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ICE Raids Planned To Begin


Immigrant communities across the country are bracing for ICE raids. Matthew Albence, the latest acting director of Immigration and Customs Enforcement, spoke this morning on Fox News.


MATTHEW ALBENCE: We are doing targeted enforcement actions against specific individuals who have had their day in immigration court and have been ordered removed by an immigration judge. We are merely executing those lawfully issued judges' orders.

GARCIA-NAVARRO: Protests have been held across the country in recent days from New York to San Francisco and Chicago.


UNIDENTIFIED PROTESTERS: No hate. No fear. Immigrants are welcome here. No hate. No fear.

GARCIA-NAVARRO: Joel Rose covers immigration for NPR, and he joins us in the studio.

Good morning.


GARCIA-NAVARRO: All right, what's happening? What do we know?

ROSE: Very few reports of arrests so far. What we're hearing from WNYC in New York is that activists and politicians are canvassing in the Sunset Park neighborhood in Brooklyn, where residents say ICE agents were knocking on doors recently. We're hearing from WBEZ in Chicago that local elected officials there are leading what they call bike brigades. They plan to ride to where they hear raids are happening in immigrant neighborhoods around the city. And in Atlanta, WABE says volunteers calling themselves ICE chasers are out in force to help anyone who is caught up in these raids. There has been a lot of talk this week and in recent weeks about fear in these communities. And I'm sure many people are trying to lay low to avoid law enforcement this weekend. But the advocated and immigrants I've talked to also say that there's a lot of resilience on display and that people are standing up for their rights.

GARCIA-NAVARRO: So who exactly are these raids targeting?

ROSE: We expect they're going to target migrant families who've recently arrived in the U.S., mostly from Central America. These are migrants who have been ordered removed by a judge and are living in and around a number of big cities, including Los Angeles, New York and Chicago - places where the Department of Justice has sped up the immigration cases of many of these recent arrivals. Originally, this was going to be a list of 10 cities, but we've heard that New Orleans is off the list because of the hurricane that came ashore on the Gulf Coast yesterday.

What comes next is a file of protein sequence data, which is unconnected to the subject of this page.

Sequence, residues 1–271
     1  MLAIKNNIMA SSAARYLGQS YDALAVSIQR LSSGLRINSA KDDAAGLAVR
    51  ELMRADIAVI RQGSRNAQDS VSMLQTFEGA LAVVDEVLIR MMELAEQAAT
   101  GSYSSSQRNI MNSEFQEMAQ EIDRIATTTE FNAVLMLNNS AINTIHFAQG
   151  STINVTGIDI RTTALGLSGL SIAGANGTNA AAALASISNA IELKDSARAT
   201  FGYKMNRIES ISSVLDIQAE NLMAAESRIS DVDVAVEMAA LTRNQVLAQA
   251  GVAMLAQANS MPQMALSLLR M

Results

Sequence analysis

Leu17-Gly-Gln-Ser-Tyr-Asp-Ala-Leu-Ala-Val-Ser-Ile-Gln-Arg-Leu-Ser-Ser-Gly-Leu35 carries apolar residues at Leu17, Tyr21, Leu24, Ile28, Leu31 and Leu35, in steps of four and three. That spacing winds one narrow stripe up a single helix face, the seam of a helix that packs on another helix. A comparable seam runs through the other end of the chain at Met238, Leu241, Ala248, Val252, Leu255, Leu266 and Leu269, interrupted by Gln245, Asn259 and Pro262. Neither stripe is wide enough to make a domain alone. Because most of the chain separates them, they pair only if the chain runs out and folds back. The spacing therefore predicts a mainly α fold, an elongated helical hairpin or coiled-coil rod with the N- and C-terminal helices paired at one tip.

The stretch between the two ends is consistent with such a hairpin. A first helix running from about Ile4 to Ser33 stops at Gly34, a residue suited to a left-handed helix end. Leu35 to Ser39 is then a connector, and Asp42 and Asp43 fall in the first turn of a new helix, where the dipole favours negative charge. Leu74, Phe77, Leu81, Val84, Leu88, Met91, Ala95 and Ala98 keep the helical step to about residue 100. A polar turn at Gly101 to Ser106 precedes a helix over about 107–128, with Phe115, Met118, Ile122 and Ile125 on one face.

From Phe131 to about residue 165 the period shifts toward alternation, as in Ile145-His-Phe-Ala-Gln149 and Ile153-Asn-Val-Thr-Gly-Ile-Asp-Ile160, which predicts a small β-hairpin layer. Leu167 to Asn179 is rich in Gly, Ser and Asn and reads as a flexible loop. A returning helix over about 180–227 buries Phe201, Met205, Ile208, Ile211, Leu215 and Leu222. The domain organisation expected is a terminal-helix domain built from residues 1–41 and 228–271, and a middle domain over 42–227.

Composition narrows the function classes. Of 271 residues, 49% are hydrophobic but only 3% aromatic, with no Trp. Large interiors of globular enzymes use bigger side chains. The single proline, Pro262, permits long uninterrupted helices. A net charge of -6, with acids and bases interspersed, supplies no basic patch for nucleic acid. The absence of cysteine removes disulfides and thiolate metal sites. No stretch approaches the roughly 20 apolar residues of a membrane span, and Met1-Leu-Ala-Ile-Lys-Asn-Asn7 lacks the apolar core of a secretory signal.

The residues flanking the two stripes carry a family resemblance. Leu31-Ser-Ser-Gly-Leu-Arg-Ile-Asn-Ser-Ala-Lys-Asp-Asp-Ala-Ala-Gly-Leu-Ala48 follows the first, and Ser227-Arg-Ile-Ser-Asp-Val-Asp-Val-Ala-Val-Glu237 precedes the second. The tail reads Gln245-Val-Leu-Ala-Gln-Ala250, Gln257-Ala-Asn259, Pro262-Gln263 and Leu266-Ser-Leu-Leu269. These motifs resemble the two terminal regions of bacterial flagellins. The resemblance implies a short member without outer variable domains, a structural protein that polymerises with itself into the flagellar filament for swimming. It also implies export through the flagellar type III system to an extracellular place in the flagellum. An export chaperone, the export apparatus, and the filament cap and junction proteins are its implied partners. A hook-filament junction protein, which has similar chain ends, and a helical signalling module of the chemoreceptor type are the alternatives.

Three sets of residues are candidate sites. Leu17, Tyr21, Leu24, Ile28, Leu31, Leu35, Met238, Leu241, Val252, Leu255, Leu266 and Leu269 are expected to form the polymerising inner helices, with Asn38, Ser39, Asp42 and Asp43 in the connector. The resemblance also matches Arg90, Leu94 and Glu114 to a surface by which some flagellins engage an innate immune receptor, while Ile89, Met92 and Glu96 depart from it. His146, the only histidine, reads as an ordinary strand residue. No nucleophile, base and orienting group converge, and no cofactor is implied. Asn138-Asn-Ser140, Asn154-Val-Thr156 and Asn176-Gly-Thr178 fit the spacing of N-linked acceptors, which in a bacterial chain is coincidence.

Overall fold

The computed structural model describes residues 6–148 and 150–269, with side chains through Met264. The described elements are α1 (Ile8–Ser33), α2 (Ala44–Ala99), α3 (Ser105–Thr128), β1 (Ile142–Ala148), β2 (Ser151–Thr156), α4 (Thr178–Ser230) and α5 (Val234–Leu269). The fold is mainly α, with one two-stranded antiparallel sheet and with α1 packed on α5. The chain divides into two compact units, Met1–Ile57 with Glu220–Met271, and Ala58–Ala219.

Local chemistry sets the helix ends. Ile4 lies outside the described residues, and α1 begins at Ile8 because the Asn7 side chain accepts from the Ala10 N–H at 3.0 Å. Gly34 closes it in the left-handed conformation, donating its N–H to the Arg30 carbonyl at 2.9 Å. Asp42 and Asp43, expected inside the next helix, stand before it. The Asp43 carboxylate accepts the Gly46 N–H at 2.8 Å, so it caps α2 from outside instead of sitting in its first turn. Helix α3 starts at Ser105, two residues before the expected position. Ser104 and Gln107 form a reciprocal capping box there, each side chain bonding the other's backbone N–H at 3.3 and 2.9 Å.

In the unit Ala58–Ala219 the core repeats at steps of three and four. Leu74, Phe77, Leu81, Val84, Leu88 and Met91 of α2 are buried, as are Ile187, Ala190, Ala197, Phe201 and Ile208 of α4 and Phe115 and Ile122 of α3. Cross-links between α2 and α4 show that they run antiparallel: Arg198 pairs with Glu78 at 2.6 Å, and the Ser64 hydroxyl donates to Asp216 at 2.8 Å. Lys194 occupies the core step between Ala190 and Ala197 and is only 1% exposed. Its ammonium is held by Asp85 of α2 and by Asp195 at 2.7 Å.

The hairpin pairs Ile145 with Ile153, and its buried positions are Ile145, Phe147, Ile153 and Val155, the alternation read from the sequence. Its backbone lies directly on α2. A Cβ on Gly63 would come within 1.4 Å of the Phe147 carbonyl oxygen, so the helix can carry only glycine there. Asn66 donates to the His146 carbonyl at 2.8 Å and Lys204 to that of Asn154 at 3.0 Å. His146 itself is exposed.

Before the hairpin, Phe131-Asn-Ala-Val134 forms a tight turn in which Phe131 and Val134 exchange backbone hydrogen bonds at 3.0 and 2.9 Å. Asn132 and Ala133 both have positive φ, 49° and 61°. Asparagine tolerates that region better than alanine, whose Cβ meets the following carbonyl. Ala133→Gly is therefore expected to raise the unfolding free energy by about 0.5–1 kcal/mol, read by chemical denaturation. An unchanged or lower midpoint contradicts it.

GARCIA-NAVARRO: You know, ICE has raids all the time, right? So how is this different?

ROSE: Well, you're right. ICE arrested about 3,000 people a week on average last year. And this weekend's events are expected to target about 2,000 migrants so definitely not the millions that President Trump originally threatened to deport in a tweet a few weeks ago. But there is a difference here in terms of who is being targeted. It's typical for ICE to go after single men, usually with criminal records, when they do large-scale raids like this. That is not what we expect today. These are families who've come in this large wave of migrants since last fall. Most of them do not have criminal records. But the Trump administration really wants to send a message back to Central America to discourage these migrants from coming.

GARCIA-NAVARRO: With so much advance notice, a lot of these communities have been preparing, as you note, for weeks. What does ICE say about that?

ROSE: Well, Matthew Albence, the acting director of ICE, told Fox this morning that his agency has been preparing too. He says ICE sent letters to many of these families months ago, asking them to surrender on their own to be deported but that only about 3% of these migrant families responded to those letters. Immigrant rights lawyers counter that most of these migrants may not have gotten those letters. In fact, they believe that many of these migrants who will be targeted today never receive notices to appear in immigration court either. Lawyers and activists around the country have formed these rapid-response networks, and they're prepared to step in and try to challenge these arrests. But they're worried that they're going to have to act quickly. They want to make sure that they can connect with these migrants before they're put on a plane and flown back out of the country.

GARCIA-NAVARRO: All right. That's NPR's Joel Rose keeping us updated.

Thank you so much.

ROSE: You're welcome. Transcript provided by NPR, Copyright NPR.

Joel Rose is a correspondent on NPR's National Desk. He covers immigration and breaking news.